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Protesters crash groundbreaking of Massey Tunnel replacement project

Last Updated Apr 5, 2017 at 10:29 am PST

Protesters at the site of a news conference in Delta about the Massey Tunnel replacement project. (Martin MacMahon, NEWS 1130 Photo)
Summary

Government news conference moved due to loud protesters

Transportation minister welcomes difference in opinion over transit project, but says it will go ahead

DELTA (NEWS 1130) – A group of protesters forced a provincial government news conference to change locations at the last minute.

People, some holding cardboard masks of BC’s transportation minister, were heard shouting, clapping and chanting ahead of the event. “We live here. How many of you live in Ladner and Tsawwassen and Delta? Shame! Shame! Shame!” exclaimed one woman.

Some protesters even held a mock news conference at the podium before politicians entered the scene to make their announcement on the $3.5 billion Massey Bridge project.

Transportation Minister Todd Stone and Delta Mayor Lois Jackson are on hand for the shovels to hit the dirt. “The beauty of embracing free speech is everyone is entitled to their opinion. We absolutely respect the views [and] the opinions of folks who have arrived here today who do not support this project and we respect their rights to make those views known,” says Stone.

The 10-lane bridge and Highway 99 improvements are expected to be completed by 2022.

Stone also took the opportunity to remind voters next month’s election will present a choice for people who want transit improvements and for those who don’t. “We’re going to stand with the men and women who make a living building infrastructure in this province. There’s a party that’s going to stand with British Columbians when it comes to continuing to invest in the infrastructure that we need to meet the demands of our growing economy. And that, by the way, includes transit. There are $500 million worth of components on this bridge that are transit-related.”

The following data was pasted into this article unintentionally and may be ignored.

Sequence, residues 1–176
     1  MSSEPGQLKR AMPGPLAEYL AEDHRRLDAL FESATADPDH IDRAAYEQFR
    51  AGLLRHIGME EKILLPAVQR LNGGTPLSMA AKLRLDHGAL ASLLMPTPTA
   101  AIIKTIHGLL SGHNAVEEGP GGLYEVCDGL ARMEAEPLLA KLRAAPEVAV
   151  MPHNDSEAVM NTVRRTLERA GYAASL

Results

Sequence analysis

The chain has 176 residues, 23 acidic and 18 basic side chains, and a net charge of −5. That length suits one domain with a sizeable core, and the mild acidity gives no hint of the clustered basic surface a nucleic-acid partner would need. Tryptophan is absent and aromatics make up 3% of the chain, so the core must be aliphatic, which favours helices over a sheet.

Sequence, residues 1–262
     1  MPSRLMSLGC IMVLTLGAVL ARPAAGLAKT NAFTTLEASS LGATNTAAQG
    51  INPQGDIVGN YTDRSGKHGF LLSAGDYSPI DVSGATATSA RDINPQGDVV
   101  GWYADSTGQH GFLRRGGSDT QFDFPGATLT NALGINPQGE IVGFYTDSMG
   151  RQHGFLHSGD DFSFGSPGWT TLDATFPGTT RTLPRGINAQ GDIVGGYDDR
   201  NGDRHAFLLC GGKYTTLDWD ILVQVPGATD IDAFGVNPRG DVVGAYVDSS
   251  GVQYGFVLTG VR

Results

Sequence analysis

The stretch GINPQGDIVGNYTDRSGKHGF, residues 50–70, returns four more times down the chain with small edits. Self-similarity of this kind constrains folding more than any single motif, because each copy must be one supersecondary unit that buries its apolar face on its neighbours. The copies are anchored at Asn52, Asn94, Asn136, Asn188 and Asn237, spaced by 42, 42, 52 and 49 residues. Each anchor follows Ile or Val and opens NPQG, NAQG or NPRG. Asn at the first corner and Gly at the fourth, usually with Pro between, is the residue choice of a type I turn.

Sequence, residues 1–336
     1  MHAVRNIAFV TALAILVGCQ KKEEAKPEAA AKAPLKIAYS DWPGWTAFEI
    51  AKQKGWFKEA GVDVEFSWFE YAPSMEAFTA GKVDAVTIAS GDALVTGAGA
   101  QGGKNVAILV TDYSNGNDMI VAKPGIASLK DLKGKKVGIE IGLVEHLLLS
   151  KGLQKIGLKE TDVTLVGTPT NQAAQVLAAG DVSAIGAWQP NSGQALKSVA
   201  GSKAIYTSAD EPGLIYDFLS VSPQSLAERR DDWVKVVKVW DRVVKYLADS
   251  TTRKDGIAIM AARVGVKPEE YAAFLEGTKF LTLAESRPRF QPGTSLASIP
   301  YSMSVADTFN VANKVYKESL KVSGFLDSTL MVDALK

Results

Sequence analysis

Jackson is the only Metro Vancouver mayor who backs the bridge plan — the others say it doesn’t fit with the region’s growth strategy.

Richmond Mayor Malcolm Brodie is skipping the event, saying he has a meeting he can’t miss. He agrees congestions needs to be eased in the area, but feels the replacement project is a waste of money. “We can solve congestion by either getting cars off the road or by adding capacity. Capacity that will ultimately be filled.”

The provincial government claims the project will create about 9,000 direct jobs over the lifetime of the construction. Victoria also claims the new bridge and the other highway improvements, including dedicated transit lanes, will cut some commute times in half and also improve travel-time reliability for the 10,000 transit passengers and more than 80,000 cars that drive through the tunnel daily.